Meniscus vs. Cartilage Tear of the Knee

There is often confusion about whether or not there is a difference between a meniscus tear and a cartilage tear. Many patients will use these words interchangeably, and many doctors may describe an injury using one of these terms. So what do these words mean, and what is the difference between a meniscus tear and a cartilage tear exactly?

vector illustration of a Meniscus tear and surgery
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Knee Cartilage Types

Our bodies make different types of cartilage. Cartilage is a type of connective tissue in our body and comes in different types that serve different purposes. The knee joint has two types of cartilage inside the joint.

One of the types of cartilage is called articular cartilage. The articular cartilage forms the smooth layer of the joint that covers the bone ends. A layer of articular cartilage covers the end of the thigh bone, the top of the shin bone, and the back of the kneecap.

The meniscus is a different type of cartilage that forms a shock absorber between the bones. The meniscus is not attached to the bone like the articular cartilage, but rather sits between the bone ends to cushion the joint.

Cartilage Injury

Knee cartilage can be injured as the result of a traumatic injury, degenerative arthritis, or chronic overuse. Depending on the type of injury, the different types of cartilage may be damaged. When cartilage is damaged, often it is described as a tear of the cartilage.

Typically, when someone refers to a tear in the cartilage, they are talking about an injury to the meniscus cartilage.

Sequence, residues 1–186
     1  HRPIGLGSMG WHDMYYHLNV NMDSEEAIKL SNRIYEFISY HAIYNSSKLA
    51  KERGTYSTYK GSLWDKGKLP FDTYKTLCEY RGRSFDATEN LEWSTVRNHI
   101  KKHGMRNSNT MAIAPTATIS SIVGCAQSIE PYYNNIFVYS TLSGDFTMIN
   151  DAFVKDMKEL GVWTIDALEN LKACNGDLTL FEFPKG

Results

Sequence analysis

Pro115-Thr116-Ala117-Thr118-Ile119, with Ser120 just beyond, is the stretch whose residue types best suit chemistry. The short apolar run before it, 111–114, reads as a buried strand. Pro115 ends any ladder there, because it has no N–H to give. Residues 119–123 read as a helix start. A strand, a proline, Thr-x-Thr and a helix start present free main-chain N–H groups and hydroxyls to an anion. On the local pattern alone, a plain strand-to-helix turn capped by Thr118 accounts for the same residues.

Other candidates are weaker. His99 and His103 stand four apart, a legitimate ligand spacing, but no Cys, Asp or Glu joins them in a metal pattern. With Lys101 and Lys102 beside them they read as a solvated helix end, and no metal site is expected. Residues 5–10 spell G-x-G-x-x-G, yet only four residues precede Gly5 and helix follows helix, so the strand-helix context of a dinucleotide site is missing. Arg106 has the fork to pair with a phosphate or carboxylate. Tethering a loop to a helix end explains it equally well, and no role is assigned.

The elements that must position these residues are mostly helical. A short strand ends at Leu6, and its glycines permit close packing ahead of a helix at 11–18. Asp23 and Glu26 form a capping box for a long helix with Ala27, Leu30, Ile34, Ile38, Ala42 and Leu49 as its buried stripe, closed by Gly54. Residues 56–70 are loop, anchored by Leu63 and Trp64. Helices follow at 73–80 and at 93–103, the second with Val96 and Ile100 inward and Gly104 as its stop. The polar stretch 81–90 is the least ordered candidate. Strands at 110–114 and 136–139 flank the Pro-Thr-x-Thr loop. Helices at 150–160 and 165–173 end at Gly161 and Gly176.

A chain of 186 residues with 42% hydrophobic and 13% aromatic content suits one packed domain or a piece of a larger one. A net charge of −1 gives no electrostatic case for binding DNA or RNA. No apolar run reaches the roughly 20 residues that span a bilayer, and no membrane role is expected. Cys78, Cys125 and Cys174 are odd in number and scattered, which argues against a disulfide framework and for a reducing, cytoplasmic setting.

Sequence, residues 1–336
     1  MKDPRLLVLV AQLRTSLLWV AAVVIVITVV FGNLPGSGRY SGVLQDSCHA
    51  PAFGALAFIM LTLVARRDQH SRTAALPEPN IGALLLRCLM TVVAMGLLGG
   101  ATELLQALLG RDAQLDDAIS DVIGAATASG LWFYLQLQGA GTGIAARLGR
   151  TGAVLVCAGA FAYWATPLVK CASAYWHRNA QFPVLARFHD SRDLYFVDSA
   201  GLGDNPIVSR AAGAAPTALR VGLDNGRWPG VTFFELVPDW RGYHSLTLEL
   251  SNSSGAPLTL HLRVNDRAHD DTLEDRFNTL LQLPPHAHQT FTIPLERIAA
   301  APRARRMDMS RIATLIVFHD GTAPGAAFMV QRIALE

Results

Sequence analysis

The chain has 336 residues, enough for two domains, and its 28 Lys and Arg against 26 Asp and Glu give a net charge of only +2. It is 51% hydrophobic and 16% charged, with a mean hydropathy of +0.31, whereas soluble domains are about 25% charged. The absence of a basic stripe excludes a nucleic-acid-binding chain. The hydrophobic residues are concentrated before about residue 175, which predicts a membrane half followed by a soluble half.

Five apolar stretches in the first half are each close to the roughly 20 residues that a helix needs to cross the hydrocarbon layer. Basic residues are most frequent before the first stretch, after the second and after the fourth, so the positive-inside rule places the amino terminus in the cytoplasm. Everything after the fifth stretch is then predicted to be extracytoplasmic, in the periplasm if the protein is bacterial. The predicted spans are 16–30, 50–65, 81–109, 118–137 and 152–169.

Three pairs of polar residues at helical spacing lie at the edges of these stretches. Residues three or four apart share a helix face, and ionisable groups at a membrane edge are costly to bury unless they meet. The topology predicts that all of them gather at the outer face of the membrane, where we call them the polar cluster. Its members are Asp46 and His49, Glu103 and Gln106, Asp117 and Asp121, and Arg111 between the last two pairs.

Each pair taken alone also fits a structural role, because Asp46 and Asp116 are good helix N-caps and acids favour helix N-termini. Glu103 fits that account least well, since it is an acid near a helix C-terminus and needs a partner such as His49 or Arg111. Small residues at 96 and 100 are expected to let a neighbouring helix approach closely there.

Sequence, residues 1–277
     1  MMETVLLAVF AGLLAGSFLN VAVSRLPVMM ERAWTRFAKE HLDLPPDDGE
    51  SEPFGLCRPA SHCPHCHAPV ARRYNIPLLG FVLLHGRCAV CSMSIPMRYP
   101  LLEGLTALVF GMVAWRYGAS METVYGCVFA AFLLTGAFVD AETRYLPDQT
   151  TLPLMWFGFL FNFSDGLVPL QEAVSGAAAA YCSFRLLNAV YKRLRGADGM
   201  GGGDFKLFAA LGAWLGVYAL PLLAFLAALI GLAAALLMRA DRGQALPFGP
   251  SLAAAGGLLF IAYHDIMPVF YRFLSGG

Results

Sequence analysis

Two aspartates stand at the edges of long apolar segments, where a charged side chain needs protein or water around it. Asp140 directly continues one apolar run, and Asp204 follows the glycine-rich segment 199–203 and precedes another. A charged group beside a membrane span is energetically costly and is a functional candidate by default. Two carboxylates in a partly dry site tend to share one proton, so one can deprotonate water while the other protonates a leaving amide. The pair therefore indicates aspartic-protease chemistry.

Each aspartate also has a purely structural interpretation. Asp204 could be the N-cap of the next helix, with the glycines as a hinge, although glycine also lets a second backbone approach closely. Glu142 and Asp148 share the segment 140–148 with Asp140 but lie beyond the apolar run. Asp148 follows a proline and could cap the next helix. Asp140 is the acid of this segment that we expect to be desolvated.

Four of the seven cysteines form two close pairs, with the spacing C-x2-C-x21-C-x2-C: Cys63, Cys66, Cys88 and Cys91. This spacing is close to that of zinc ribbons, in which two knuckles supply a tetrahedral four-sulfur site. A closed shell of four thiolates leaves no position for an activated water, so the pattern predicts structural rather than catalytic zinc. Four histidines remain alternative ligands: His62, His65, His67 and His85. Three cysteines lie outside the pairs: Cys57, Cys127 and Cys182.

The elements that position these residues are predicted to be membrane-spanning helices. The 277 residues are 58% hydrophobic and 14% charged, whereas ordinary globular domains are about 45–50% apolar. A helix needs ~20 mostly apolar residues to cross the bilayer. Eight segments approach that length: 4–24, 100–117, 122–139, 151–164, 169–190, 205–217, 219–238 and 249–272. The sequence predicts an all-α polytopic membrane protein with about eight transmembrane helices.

Words commonly used to describe an injury to the articular cartilage in the joint include:

  • Fissuring: A fissure in the articular cartilage occurs when there is a cleavage within the layer of cartilage causing a separation between the layer. Sometimes this causes no symptoms, while others it can cause a catching sensation.
  • Thinning: Cartilage thinning can occur after an injury or as an early sign of arthritis in the knee. Thin cartilage may not have as smooth an appearance as normal and may not glide as easily.
  • Flaps: Flaps in the articular cartilage occur when a portion of the cartilage layer has not adhered and can be lifted from its normal position. This can also lead to catching sensations with knee movement.
  • Defects: Cartilage defects can lead to the exposed bone within the joint. This can occur after traumatic injuries or as a result of knee arthritis.


When a meniscus tear does occur, treatment is often necessary. The good news is that not all meniscus tears require surgical treatment. However, there are some situations where meniscus tears do respond best to surgical intervention.

In addition, often the damage to cartilage, be it meniscus cartilage or articular cartilage, is the result of a chronic, degenerative process. While this may cause significant symptoms, in these situations surgical treatment is often shown to be no better than nonsurgical treatment.

This is why many surgeons are performing less surgery on people with mild to moderate arthritis of the knee who have signs of torn cartilage. In these individuals, surgical treatment may have only minimal or no benefits

Frequently Asked Questions

  • What is the meniscus?

    The meniscus is a cartilage "shock absorber" between the bones in the knee joint. Each knee has two menisci, one on the outside and one on the inside of the knee. The menisci support stability and weight balance in the knee to protect your joint, but if there is a lot of stress on the knee, the meniscus can wear away and tear.

  • Is it okay to walk on a knee with torn cartilage?

    If you’re able to walk, you can, but eventually the injury will likely worsen. It may become too painful or it may lock, preventing movement of the joint. Rest may help in some cases, but for severe tears, surgery is necessary to regain mobility. 

  • Can a brace help a meniscus tear heal?

    No. A brace can help secure the knee and may help you manage walking or everyday activities, but it won’t help the tear heal. Surgery is usually the best option for treating the meniscus.

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Article Sources
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